Take a tour of Austin, Texas in about 2,000 calories and 10,000 steps, while you hike, swim, and paddleboard to south-of-the-border plates and after-dinner drinks. By: Stirling Kelso
October 14, 2014
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A Unique Guide to Austin, Texas
We toured Austin to find the best, most nutritious restaurants the city has to offer. Here's a unique guide to good eating and great exercise for hungry travelers.
How we did the math:
This series is meant as a fun guide to experiencing a city through the Cooking Light lens. All calculations are rough estimates and should be seen as a starting point for your own adventure.
Calorie burns were estimated using this calculator. The approximations are based on how vigorous the activity level is for a 150-pound woman—for example, a stroll around a farmers’ market was calculated at a lower burn than when we tell you to pick up the pace.
We estimated steps at an average of 2,000 steps per mile walked.
All calorie calculations for the meal selections we recommend were rough estimates based on inputting similar dishes and ingredients into this calculator.
2 of 8Photo: Courtesy of Tacodeli/Jody Horton
Morning: The Greenbelt
If Austin has a culinary mascot, it's the breakfast taco. Sample some of the city's best at Tacodeli. Austin is home to a few locations, but we love the original on Spyglass Road, where the scrappy bungalow and dedicated a.m. crowd bring honor to the city's "Keep Austin Weird" slogan. Order the Jess Special (migas topped with avocado), and wash it down with a watermelon agua fresca before hiking 1.5 miles north through the Barton Creek Greenbelt, a nature preserve with creekside trails flanked by pecan trees and boulders.
Burn: 102 calories Eat: 752 calories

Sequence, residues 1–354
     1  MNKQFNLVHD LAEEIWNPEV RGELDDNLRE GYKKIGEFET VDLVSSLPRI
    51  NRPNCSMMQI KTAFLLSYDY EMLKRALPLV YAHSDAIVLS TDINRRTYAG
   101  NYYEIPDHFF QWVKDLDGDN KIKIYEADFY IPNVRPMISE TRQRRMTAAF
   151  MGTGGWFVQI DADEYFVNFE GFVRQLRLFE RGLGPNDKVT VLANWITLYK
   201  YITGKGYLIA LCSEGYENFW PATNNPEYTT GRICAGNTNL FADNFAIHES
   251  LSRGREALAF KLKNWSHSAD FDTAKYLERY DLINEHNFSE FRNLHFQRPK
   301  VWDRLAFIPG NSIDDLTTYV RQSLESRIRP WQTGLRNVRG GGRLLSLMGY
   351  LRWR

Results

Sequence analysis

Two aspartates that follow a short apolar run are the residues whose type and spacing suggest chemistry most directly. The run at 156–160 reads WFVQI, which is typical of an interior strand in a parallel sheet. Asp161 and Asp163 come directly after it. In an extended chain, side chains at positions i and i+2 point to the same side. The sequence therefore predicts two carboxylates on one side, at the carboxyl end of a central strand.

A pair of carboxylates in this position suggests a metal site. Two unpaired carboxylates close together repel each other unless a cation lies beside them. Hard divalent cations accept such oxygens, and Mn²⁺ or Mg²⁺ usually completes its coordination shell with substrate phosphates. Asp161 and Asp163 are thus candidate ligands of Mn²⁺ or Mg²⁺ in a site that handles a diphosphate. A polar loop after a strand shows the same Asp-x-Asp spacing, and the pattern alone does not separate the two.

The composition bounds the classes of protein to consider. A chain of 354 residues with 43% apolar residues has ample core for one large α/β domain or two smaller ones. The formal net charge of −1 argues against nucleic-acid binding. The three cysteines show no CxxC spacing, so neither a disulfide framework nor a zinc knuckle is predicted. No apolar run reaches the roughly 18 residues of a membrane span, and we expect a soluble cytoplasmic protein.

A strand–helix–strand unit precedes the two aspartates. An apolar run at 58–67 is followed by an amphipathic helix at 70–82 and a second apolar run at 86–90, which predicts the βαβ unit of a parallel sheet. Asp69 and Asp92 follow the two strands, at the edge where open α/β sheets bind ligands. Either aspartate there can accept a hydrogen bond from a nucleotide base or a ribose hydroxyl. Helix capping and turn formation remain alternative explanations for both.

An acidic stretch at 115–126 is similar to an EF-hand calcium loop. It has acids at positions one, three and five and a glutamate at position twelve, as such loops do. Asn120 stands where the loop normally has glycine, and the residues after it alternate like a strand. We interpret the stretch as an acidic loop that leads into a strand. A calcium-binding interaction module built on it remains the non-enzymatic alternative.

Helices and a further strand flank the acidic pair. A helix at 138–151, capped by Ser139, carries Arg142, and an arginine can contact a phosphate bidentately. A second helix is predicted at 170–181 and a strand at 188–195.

3 of 8Photo: Courtesy of Skinny Limits
Snack Break: South Austin
You'll end up at Barton Springs Pool, a natural swimming hole with spring-fed, 68-degree waters that have long attracted everyone from tattooed musicians to UT sorority sisters. Post-plunge, towel off and walk to Austin's latest culinary trailer park (there are more than 1,500 food trucks in this mobile food–addicted city): Barton Springs Picnic. Stop by the Skinny Limits station to meet raw-food aficionados Cary and Joanie Frieden. Pair the Southwestern lentil salad—a kaleidoscope of colors with jicama, sprouted red lentils, corn, and 17 other ingredients—with a Warrior smoothie, full of protein from kale and spinach.
Burn: 68 calories Eat: 534 calories
4 of 8Photo: Chris Fluke
Surf and Turf: Lady Bird Lake
Walk along Lady Bird Lake—ringed by Austin's central hike and bike trail—for 1.6 miles to get to Sup ATX, where you can rent stand-up paddleboards by the hour. On oak and pecan tree–framed waters, you'll glide past kayakers and crew teams, not to mention the occasional family of turtles or swans. Unfamiliar with the sport? Ask for a free lesson.
Burn: 334 calories
5 of 8Photo: Courtesy of Chavez/Nick Simonite
Walk 1.7 miles to Congress Avenue Bridge, where the Radisson Hotel traded out its TGI Fridays for local star chef Shawn Cirkiel's Chavez. Order south of the border–inspired plates such as a mango and jicama salad and Veracruz-style salmon cooked with tomato, capers, and olives. Request a waterfront table for views of the Colorado River and the city's south side.
Burn: 116 calories Eat: 431 calories
6 of 8Photo: Courtesy of Wanderlust/Wendy Corn
Tune Up and Tune In: Downtown
Even if you're not in town for famous music festivals like South by Southwest (it's in mid-March), you can catch live tunes while practicing your downward-facing dog during the Sunday vinyasa flow class at Wanderlust Yoga. The studio also occasionally offers classes such as yoga in the dark—glow sticks included—and candlelight vinyasa.
Burn: 184 calories
7 of 8Photo: Courtesy of Arro/Vanessa Escobedo Barba
Dinner: Sixth Street
It's just seven blocks through the heart of the city to Arro, a fresh take on a French bistro thanks to the restaurant's retro interiors and chef Andrew Curren's wood-fired grill. He puts his favorite toy to work in dishes like the niçoise salad, topped with a generous portion of grilled tuna, or the quail, a plate that speaks to French food's Middle Eastern influences with sides such as green lentils and gingered yogurt. Sip on the restaurant's ode to French-accented New Orleans in the Vieux Carré, made with rye, cognac, sweet vermouth, and Bénédictine.
8 of 8Photo: MIXA Co. Ltd./Getty Images
Nightcap: Rainey Street
End your evening with a 20-minute stroll to Rainey Street and the newly opened Lucille. Ask for a Moscow Mule, shaken up with lime, ginger beer, and Texas-based Tito's vodka. Then head to the back patio to sip under strings of twinkling lights.